On Tuesday, November 5, voters in Kentucky ousted the incumbent Republic governor who was supported by President Trump. In 2016, Trump carried the state by 30 percentage points.
But voters in Kentucky also elected the first Republican in 70 years to serve as attorney general. Daniel Cameron is the first African American in history to be elected individually to statewide office in Kentucky.
Cameron grew up in Hardin County, Kentucky. He played football at the University of Louisville. After completing his undergraduate degree, Cameron remained at the university to earn a juris doctorate. In law school, Cameron was a member of its law review and president of the Student Bar Association. At the conclusion of his third year, Cameron was selected as the law school’s most outstanding student.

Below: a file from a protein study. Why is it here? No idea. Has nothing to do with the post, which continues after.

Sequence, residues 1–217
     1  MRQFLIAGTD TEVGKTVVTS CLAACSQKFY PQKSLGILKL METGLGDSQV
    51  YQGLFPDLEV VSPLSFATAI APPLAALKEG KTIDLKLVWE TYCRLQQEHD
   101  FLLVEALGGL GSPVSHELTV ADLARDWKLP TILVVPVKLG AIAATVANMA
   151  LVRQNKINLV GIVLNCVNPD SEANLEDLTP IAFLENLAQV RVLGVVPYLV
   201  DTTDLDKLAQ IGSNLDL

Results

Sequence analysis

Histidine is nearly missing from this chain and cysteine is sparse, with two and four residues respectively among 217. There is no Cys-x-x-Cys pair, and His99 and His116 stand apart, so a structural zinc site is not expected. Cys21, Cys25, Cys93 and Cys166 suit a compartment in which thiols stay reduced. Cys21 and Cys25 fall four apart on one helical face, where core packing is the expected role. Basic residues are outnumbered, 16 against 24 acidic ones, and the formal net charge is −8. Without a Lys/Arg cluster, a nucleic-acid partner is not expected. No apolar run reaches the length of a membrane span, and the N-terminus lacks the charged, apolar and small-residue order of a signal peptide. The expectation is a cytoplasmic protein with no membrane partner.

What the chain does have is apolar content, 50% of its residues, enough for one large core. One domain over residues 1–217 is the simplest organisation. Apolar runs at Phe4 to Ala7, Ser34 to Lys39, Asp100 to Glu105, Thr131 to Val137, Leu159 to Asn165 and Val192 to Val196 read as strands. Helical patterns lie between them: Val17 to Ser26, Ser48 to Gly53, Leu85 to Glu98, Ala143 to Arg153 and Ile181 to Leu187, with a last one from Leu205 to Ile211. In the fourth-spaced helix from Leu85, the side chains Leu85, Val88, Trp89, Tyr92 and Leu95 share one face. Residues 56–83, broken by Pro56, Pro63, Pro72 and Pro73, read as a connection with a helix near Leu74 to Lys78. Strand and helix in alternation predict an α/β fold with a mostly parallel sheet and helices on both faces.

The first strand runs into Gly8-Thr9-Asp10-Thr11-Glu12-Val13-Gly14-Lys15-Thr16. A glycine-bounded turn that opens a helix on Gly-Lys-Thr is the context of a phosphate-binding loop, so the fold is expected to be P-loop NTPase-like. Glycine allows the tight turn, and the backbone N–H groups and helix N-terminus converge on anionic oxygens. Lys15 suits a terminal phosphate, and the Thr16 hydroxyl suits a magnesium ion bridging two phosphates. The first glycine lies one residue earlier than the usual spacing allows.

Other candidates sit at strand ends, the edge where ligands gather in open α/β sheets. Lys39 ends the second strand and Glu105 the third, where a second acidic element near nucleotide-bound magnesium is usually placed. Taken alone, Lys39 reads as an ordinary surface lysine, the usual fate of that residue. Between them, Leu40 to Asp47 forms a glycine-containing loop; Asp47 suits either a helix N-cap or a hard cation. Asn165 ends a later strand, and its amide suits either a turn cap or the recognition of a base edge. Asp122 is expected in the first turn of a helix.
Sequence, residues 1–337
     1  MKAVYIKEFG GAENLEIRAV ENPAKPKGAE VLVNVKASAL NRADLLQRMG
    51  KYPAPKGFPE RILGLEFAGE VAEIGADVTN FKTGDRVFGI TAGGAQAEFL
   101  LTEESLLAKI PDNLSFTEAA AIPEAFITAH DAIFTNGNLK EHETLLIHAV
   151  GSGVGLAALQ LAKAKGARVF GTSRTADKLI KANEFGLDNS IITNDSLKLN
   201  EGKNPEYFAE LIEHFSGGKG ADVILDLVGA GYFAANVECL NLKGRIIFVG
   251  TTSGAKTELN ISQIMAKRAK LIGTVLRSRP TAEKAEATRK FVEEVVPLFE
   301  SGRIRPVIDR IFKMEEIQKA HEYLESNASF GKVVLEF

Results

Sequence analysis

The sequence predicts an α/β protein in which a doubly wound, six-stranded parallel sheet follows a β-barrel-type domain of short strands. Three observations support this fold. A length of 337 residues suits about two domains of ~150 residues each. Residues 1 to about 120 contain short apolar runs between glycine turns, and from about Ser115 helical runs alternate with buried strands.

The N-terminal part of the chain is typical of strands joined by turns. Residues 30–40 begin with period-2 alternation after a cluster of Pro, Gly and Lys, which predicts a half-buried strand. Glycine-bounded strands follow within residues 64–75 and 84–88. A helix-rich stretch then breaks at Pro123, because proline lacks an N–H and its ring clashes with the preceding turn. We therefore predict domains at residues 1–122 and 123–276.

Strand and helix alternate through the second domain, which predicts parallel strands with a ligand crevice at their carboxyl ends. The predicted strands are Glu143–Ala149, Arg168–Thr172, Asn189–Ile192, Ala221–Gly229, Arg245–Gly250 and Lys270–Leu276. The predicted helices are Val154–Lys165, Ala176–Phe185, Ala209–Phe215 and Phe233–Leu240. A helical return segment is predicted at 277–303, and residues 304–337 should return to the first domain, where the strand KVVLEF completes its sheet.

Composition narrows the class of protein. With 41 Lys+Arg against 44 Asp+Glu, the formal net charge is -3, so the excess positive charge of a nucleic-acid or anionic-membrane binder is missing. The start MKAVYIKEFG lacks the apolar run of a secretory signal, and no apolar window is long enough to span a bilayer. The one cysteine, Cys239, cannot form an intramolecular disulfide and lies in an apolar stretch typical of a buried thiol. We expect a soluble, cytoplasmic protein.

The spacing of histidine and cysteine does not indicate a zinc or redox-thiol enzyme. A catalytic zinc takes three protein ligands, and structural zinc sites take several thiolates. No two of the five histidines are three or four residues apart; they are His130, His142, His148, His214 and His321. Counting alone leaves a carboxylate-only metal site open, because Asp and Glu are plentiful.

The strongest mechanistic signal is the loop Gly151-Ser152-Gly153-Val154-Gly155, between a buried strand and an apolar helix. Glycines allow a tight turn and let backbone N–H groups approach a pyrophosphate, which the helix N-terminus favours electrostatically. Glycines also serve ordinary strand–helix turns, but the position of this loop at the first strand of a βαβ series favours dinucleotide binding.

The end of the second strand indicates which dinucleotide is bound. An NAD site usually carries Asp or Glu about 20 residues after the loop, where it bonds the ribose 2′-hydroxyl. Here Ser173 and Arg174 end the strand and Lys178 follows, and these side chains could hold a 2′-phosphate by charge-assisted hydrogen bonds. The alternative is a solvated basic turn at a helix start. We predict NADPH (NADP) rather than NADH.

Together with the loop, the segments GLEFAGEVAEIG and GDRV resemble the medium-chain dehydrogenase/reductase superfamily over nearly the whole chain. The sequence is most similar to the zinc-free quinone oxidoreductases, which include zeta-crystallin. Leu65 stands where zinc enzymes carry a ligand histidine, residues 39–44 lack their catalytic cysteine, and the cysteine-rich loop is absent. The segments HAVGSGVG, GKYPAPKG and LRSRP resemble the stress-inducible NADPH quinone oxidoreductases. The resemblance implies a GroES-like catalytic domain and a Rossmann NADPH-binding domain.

After graduating from law school, Cameron served as a law clerk to Gregory Van Tatenhove, a United States District Court Judge for the Eastern District of Kentucky. He later served as general counsel to U.S. Senate Majority Leader Mitch McConnell.